Suicide rates in Greenland increase during the summer, peaking in June. Researchers writing in the open access journal BMC Psychiatry speculate that insomnia caused by incessant daylight may be to blame.
Karin Sparring Björkstén from the Karolinska Institutet, Sweden, led a team of researchers who studied the seasonal variation of suicides in all of Greenland from 1968-2002. They found that there was a concentration of suicides in the summer months, and that this seasonal effect was especially pronounced in the North of the country - an area where the sun doesn't set between the end of April and the end of August. Björkstén said, "In terms of seasonal light variation, Greenland is the most extreme human habitat. Greenland also has one of the highest suicide rates in the world. We found that suicides were almost exclusively violent and increased during periods of constant day. In the north of the country, 82% of the suicides occurred during the daylight months (including astronomical twilight)".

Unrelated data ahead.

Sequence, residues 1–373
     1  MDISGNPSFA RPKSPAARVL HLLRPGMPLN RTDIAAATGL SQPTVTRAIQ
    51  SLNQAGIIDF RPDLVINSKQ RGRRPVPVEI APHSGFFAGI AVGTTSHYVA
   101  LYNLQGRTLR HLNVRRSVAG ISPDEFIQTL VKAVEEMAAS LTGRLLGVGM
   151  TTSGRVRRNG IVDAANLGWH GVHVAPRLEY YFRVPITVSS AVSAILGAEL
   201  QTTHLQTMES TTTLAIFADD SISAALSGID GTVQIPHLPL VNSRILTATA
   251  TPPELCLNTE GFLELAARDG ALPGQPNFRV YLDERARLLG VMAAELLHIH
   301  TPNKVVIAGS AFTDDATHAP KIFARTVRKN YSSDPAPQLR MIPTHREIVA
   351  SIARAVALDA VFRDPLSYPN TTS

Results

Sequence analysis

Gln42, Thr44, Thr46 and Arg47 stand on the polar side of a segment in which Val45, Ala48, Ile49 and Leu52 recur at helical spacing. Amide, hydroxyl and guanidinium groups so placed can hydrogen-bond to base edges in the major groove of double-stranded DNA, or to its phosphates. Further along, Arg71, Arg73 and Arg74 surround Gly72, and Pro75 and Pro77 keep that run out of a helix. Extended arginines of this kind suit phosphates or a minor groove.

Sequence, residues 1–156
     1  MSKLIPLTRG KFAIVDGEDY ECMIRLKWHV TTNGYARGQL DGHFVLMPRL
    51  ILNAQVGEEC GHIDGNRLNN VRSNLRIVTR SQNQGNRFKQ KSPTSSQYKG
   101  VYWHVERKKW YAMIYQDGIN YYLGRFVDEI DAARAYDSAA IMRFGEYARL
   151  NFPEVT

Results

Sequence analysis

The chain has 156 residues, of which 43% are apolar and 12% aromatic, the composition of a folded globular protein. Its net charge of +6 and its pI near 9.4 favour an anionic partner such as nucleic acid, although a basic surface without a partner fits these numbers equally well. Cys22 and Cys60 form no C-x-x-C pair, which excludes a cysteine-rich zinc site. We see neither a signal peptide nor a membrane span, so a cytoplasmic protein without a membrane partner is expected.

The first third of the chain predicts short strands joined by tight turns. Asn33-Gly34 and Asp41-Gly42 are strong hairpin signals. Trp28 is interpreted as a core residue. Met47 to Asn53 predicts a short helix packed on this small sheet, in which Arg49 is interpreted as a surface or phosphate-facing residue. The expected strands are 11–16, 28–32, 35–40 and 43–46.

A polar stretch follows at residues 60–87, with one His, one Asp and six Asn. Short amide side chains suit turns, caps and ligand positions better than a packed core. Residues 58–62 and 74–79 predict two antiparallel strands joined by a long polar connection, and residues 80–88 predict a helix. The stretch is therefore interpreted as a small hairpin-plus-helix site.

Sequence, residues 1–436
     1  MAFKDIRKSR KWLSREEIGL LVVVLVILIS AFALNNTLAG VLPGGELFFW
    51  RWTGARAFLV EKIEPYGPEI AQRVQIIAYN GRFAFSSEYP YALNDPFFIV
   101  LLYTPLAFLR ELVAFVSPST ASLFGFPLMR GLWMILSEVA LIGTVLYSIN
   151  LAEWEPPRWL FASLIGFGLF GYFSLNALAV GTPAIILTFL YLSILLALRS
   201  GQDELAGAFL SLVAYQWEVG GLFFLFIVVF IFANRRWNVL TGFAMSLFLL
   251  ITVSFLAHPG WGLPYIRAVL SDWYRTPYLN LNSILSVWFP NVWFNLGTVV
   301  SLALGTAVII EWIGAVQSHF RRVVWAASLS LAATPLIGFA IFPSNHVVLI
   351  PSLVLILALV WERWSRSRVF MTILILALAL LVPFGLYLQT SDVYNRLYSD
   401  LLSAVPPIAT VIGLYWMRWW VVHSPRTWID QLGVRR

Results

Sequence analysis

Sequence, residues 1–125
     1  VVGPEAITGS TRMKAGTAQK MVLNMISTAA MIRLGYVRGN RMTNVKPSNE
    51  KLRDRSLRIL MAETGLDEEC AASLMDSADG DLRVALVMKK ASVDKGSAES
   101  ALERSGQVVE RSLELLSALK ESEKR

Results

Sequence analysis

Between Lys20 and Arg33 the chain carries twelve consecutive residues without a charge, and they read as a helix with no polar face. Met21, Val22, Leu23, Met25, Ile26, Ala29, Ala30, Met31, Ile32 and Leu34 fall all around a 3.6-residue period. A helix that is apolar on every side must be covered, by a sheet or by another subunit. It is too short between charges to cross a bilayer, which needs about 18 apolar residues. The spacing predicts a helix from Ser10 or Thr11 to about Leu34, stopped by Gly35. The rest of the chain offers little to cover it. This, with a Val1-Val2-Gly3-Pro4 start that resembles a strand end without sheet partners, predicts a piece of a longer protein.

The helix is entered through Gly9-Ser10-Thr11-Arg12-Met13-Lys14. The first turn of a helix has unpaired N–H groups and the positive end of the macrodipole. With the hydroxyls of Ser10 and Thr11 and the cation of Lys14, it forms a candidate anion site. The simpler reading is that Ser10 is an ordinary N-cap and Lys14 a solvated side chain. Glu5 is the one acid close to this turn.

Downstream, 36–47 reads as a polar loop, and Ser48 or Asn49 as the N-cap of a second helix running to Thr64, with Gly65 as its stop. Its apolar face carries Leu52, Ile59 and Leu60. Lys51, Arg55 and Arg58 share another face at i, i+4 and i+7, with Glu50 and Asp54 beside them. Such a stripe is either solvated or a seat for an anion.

The researchers found that most suicides occurred in young men and that violent methods, such as shooting, hanging and jumping, accounted for 95% of all suicides. No seasonal variation in alcohol consumption was found. The authors speculate that light-generated imbalances in turnover of the neurotransmitter serotonin may lead to increased impulsiveness that, in combination with lack of sleep, may explain the increased suicide rates in the summer. They said, "People living at high latitudes need extreme flexibility in light adaptation. During the long periods of constant light, it is crucial to keep some circadian rhythm to get enough sleep and sustain mental health. A weak serotonin system may cause difficulties in adaptation".
Björkstén concludes, "Light is just one of many factors in the complex tragedy of suicide, but this study shows that there is a possible relationship between the two."
Notes to Editors
1. Accentuation of suicides but not homicides with rising latitudes of Greenland in the sunny months
Karin S Björkstén, Daniel F Kripke and Peter Bjerregaard
BMC Psychiatry (in press)
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